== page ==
I propose progressives be labelled.

  • pan fried wylie||

    I have no problem with an increase in the price of progressives. Until Obama mandates I buy them too.

  • Almanian!||

    PENALDOPTION!

  • ||

    Yeah, eventually we'll all be forced to adopt a progressive for their own good.

  • Hoofddorp Haarlemmermeer||

    One for every house! In the old days, I think they called that person the political commissar.

  • Francisco d Anconia||

    Moar slaves for my diamond mines.

  • NotAnotherSkippy||

    I do that every April 15th. Don't you?

  • Eduard van Haalen||

    To cater to the anti gmo crowd, entrepreneurs can put allnatural labels on their food, being subject to fraud prosecution if theres gmos, pesticides, etc in the product. If thrres no label on the food, the hippies can boycott it. Problem solved.

  • ||

    They already do put no-GMO labels on food in the market. The problem is that they are looking to control other people.

  • Ken Shultz||

    Yeah, that's true.

    I think one side in this debate is trying to use labeling to bias their preferred outcome.

    To be fair, I think it's also true that the status quo is biased to a certain outcome, as well.

    Take a look at these stats:

    95% of the sugar beets in the U.S. are GMO.

    94% of the soy is GMO.

    93% of the canola is GMO.

    90% of the cotton is GMO.

    88% of the corn is GMO.

    http://www.wholefoodsmarket.co.....-why-where

    We can argue that the reason the market penetration on these GMO crops is so high is because people don't care, but it's also easy to argue that the reason market penetration on these GMO crops is so high is because people don't know.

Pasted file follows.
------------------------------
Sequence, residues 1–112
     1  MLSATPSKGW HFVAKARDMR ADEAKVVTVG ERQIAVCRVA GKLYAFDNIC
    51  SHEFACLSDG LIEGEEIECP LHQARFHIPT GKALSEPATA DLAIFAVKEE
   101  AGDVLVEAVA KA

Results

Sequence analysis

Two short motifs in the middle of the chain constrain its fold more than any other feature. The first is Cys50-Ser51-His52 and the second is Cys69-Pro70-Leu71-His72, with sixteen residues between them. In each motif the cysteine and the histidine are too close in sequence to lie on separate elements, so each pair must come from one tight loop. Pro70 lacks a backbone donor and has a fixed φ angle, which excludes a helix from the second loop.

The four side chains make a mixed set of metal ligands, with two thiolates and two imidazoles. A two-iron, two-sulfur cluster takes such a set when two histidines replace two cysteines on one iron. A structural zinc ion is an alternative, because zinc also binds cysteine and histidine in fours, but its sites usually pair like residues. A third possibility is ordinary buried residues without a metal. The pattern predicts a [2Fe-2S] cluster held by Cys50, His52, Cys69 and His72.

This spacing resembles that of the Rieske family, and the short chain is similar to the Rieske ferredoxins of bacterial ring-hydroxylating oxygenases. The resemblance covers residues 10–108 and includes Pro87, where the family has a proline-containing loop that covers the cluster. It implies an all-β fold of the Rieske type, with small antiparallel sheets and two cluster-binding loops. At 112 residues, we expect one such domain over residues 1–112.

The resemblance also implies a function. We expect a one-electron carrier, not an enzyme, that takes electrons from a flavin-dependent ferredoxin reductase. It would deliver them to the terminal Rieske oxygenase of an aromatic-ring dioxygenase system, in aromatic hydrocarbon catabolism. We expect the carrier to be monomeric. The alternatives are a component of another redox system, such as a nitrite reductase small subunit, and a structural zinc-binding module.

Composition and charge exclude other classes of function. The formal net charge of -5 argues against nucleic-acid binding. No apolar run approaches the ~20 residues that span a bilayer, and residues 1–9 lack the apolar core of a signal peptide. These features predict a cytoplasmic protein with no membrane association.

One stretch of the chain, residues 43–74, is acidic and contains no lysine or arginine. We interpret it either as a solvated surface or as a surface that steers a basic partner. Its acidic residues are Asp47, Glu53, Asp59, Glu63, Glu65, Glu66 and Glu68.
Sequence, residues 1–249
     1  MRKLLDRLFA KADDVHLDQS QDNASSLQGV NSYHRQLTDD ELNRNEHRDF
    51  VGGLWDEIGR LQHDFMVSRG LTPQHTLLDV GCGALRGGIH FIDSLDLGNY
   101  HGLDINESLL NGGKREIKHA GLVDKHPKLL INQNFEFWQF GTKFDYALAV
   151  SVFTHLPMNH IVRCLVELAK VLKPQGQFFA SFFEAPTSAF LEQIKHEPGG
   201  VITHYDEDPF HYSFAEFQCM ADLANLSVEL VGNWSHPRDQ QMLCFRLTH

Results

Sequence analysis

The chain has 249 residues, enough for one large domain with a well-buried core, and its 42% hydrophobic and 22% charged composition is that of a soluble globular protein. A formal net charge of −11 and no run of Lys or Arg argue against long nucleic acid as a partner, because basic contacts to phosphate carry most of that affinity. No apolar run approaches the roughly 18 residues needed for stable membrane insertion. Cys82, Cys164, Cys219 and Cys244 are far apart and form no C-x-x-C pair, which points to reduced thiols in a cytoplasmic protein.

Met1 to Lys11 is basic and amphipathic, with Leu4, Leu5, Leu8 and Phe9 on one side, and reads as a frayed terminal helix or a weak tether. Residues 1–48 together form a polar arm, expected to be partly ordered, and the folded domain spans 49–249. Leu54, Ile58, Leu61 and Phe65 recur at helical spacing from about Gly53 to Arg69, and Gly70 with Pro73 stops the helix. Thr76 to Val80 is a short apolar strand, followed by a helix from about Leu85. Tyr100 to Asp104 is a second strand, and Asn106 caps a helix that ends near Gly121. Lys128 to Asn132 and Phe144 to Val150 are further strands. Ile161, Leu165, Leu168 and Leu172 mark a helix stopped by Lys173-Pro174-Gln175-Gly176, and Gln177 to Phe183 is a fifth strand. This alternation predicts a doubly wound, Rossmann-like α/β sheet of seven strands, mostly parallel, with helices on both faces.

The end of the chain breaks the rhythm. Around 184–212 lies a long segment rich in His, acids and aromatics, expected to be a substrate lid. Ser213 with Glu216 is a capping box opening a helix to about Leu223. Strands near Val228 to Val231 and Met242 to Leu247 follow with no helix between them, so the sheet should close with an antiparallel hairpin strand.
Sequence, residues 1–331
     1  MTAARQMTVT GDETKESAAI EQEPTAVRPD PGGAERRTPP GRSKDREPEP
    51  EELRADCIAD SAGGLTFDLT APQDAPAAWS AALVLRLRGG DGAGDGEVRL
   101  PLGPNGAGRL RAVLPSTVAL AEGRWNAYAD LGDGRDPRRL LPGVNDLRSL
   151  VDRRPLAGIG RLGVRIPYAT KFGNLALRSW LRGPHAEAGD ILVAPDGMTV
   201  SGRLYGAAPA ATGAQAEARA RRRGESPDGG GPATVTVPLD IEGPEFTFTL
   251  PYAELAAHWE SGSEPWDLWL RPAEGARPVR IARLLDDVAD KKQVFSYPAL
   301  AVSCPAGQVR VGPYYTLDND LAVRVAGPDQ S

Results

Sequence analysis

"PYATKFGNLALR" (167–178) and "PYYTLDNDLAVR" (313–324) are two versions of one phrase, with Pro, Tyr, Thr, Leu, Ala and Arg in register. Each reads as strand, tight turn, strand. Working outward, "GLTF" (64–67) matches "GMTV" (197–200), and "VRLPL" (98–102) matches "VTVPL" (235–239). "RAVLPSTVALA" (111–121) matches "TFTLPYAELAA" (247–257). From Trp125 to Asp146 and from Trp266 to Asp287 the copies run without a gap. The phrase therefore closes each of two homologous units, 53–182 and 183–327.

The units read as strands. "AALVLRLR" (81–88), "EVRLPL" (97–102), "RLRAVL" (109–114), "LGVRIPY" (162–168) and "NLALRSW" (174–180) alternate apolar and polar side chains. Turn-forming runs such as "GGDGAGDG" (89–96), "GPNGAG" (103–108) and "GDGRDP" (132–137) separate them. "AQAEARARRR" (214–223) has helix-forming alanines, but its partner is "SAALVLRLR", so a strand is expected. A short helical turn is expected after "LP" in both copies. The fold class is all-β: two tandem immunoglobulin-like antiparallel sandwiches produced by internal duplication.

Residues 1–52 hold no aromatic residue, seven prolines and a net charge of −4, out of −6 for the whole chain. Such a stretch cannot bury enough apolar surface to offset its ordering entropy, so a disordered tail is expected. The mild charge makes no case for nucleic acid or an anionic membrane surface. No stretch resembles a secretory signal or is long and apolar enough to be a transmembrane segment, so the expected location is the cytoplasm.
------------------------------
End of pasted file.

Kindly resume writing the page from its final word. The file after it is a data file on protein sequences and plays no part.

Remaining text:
I mean, the argument you're making is essentially the one for why people buy "organic", which used to mean (to me, anyway) that the crops didn't use too much pesticide, but because of Round Up has actually come to mean that the crop is non-GMO.

    The organic label definitely makes it more valuable in the market, so we can't say that strategy doesn't work at all--especially since the market for premium priced organic produce continues to grow. ...but how many people who are buying organic really know what "organic" means?

    I'd bet a bunch of the people that oppose GMO crops don't even know that "organic" means non-GMO. I shop and eat at Whole Foods often. I think a lot of the people who go there, go there purely for aesthetic reasons.

  • NotAnotherSkippy||

    There are virtually no non-GMO crops on the market today. So called "organics" themselves are far removed from their original species. Humans have been selectively breeding crop and animal species for millennia, so the silly notion that what they eat now is "natural" is absurd on its face.

    GMO labeling is nothing more than a literal stigma since the whole anti-GMO campaign is nothing more than an irrational religion.

  • BardMetal||

    Isn't one of the concerns with GMO food is that "all natural" food might be at risk for cross pollination?

  • Sevo||

    BardMetal|11.2.13 @ 9:45AM|#
    "Isn't one of the concerns with GMO food is that "all natural" food might be at risk for cross pollination?"

    I believe that's a claim. Now someone needs to find an "all natural" food that could be contaminated.

  • Ken Shultz||

    Yeah, I think there's some of that. I heard that Monsanto won a suit where farmers who didn't buy Monsanto seed were forced to pay--because a neighboring farmer's GMO plants pollinated non-GMO plants, giving him access to what was effectively Monsanto's genetic modifications.